Editor’s note: The following is based on the website, Insurance Leads Guide, as well as on an interview with an ILG representative. For much more information on how to select an insurance leads firm for maximum return on investment, including reviews of the top players, go here.
Do you buy sales leads off the Internet? Then you know not all leads are created equal. According to Insurance Leads Guide, a firm that shares guidance on lead-generation best practices, one problem is agents often focus too much on price. But price really has no bearing on lead quality. High-priced leads can actually provide excellent quality in terms of ROI, and low-priced ones can be inferior. So how do you get a handle on quality? By considering the following five factors before you spend a penny. (In Part 2 of this series, we will cover factors six through ten.)
1. Lead Generation
The first thing to ask about is how the company produces its leads. Most either rely on paid search (PPC programs like Google Adwords) or on their own websites. Paid search is a good form of traffic generation as long as it doesn’t use poor keywords with lower bids. Always ask lead companies for sample PPC keywords. Then ask yourself whether the prospects you’d like to do business with search using those terms.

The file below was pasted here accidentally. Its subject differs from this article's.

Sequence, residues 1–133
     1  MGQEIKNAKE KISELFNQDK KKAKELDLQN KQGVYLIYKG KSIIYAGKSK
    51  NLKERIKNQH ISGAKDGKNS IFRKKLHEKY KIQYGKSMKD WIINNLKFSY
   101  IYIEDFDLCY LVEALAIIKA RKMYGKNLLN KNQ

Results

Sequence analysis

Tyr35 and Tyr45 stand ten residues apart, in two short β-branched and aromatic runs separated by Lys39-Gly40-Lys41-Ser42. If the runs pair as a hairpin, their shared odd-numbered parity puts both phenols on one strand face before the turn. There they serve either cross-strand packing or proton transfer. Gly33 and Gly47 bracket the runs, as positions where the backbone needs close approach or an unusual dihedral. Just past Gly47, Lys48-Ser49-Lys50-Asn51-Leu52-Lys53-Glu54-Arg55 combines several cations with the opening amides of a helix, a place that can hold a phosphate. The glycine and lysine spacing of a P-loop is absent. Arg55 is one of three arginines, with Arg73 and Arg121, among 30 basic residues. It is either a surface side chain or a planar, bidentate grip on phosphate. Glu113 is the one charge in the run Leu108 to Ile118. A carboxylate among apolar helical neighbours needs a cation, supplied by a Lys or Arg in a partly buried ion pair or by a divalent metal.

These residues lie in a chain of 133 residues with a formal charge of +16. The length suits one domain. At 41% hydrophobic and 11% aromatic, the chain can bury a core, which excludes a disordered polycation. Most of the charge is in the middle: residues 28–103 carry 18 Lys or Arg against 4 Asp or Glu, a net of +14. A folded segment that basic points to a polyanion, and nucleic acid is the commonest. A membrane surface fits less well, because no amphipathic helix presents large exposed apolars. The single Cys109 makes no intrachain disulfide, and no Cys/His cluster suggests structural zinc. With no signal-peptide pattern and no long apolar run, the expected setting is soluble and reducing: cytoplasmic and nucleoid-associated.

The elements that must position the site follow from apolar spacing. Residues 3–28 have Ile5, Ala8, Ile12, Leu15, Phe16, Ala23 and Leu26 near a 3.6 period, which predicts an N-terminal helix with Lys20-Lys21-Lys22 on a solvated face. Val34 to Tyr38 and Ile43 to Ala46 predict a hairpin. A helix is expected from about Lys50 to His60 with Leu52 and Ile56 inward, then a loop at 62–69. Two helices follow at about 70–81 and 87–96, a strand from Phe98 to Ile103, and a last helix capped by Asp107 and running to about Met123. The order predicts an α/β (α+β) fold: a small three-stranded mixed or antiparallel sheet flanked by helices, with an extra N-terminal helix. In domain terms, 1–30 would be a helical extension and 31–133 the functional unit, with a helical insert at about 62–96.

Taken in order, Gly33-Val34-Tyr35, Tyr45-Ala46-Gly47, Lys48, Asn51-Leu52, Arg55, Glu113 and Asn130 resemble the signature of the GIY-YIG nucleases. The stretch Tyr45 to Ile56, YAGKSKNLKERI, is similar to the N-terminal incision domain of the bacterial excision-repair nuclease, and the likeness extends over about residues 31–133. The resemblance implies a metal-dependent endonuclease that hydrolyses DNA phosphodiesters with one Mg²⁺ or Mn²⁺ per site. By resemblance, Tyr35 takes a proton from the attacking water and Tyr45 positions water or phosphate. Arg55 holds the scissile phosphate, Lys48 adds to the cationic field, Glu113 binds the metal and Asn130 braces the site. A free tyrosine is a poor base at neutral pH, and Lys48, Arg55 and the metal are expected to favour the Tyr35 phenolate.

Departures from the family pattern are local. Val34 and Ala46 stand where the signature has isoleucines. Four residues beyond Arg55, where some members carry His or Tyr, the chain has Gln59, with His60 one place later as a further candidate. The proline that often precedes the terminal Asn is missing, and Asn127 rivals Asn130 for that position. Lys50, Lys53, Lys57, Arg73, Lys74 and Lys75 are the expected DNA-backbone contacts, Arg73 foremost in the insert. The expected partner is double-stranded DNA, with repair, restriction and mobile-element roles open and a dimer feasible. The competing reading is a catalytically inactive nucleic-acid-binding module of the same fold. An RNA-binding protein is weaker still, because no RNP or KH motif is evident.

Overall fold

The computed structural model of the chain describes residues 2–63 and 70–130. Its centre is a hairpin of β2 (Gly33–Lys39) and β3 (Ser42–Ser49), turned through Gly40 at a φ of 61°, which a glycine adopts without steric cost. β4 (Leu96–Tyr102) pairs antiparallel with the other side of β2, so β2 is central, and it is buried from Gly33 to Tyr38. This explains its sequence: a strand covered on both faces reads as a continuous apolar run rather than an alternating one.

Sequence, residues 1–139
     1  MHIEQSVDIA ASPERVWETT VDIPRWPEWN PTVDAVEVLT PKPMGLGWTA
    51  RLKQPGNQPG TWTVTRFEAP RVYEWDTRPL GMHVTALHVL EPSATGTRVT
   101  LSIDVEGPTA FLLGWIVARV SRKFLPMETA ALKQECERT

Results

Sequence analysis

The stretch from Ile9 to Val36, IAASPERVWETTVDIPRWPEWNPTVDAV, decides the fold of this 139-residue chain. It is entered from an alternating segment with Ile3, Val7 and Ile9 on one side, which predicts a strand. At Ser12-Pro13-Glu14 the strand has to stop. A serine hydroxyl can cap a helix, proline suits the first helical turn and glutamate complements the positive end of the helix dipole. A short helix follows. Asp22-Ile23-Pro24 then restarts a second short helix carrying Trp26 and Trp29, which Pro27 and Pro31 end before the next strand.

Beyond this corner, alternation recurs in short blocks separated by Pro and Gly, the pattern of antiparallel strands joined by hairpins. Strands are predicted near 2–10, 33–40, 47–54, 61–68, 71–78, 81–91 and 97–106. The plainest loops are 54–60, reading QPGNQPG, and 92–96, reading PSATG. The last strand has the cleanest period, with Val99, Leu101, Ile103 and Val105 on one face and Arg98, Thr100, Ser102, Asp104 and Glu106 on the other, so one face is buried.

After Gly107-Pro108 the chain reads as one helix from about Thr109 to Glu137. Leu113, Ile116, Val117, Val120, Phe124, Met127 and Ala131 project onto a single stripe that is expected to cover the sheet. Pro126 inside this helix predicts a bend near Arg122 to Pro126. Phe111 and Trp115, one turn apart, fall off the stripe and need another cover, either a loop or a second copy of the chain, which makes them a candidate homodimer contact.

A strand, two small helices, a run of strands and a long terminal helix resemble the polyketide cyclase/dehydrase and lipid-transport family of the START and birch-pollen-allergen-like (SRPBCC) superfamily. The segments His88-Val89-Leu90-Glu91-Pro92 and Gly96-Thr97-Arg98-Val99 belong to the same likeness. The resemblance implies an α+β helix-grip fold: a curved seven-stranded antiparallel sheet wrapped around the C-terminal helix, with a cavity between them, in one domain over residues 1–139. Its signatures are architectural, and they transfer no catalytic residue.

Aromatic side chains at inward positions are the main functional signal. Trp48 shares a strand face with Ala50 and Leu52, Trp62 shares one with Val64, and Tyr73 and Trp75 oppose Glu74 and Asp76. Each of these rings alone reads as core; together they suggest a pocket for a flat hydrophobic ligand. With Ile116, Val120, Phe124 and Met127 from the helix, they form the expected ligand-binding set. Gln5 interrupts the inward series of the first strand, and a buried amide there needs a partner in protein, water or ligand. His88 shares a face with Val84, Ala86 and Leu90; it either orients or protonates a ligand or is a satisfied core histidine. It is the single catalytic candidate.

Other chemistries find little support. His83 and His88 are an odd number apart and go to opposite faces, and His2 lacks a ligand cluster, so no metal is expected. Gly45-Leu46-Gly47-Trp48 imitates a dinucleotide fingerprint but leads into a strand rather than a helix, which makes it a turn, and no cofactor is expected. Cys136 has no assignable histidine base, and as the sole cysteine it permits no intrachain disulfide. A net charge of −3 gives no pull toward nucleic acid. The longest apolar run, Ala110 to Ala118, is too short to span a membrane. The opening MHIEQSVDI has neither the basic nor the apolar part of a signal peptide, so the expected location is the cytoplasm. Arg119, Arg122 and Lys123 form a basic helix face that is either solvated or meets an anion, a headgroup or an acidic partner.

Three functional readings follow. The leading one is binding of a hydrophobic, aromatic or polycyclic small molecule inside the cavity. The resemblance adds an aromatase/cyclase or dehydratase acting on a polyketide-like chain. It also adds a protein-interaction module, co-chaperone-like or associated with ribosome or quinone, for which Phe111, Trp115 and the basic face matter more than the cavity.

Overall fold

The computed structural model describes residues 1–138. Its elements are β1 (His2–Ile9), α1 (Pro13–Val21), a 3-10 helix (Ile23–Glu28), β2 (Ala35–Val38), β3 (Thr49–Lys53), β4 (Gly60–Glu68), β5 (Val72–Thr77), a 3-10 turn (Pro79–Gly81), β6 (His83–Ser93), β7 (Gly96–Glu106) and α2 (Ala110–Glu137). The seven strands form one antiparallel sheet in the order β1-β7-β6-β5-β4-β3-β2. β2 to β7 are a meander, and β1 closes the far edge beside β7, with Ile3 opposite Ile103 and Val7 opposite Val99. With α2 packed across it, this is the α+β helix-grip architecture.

With firms that use their own websites, leads might come via organic search results (typical search engine listings) or through affiliate partners that send traffic to the lead company’s site for a fee. Many agents take issue with affiliate-generated leads because of quality issues. Yet affiliate traffic can be fine if the originating entity runs a tight ship. Lead companies that work with affiliates must also closely monitor the quality of leads coming in. Bottom line? Affiliate and search traffic can result in good or poor quality leads depending on how the lead company manages them.